Enrico Toti lost his left leg while working for Italian railways, at the age of 24. After his injury he became a cyclist. In 1911, riding on a bicycle with one leg, he cycled to Paris and then through Belgium, the Netherlands and Denmark, up to Finland and Lapland. From there, via Russia and Poland, he returned to Italy in June 1912.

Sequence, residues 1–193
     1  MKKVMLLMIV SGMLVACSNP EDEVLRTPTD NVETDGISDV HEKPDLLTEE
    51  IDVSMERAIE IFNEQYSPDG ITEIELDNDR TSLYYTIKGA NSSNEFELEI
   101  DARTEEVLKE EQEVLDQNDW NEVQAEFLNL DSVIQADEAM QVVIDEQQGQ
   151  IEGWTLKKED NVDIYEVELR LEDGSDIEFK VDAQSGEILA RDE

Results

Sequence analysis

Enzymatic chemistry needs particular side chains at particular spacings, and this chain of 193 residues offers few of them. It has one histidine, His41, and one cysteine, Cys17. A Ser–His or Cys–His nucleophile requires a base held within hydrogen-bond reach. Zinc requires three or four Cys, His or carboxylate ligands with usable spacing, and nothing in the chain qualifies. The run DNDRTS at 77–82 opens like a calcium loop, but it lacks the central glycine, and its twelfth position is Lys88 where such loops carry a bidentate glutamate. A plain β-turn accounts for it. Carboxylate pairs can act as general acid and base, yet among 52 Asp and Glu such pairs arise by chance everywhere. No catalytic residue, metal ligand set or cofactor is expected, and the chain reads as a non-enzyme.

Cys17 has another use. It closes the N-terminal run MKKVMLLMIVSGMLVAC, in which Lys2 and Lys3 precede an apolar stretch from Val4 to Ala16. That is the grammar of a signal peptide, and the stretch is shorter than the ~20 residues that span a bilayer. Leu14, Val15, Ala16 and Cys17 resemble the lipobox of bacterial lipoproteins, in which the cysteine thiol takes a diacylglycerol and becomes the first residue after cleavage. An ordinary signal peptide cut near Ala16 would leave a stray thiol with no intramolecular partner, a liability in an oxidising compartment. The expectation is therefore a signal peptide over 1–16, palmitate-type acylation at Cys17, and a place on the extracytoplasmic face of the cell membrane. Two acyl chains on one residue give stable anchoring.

When war broke out between Italy and the Austrian Empire, Toti tried to volunteer for the Italian army but was not accepted due to his injury. Undaunted, he reached the frontline with his bicycle and managed to serve as an unpaid, unregistered, fully non-regulation “civilian volunteer” attached to several units. Forced to leave the combat zone and return home by the Carabinieri (Military Police), Toti stubbornly returned to the front and finally managed to join (still unofficially) the 3rd Bersaglieri Bicycle Battalion. He was killed in the Sixth Battle of the Isonzo. Fatally wounded in a clash, he hurled his crutch at the enemy. He was posthumously awarded the Gold Medal for Military Valour (Italy’s highest award for valour), one of the relatively few civilians to have this honour bestowed on them.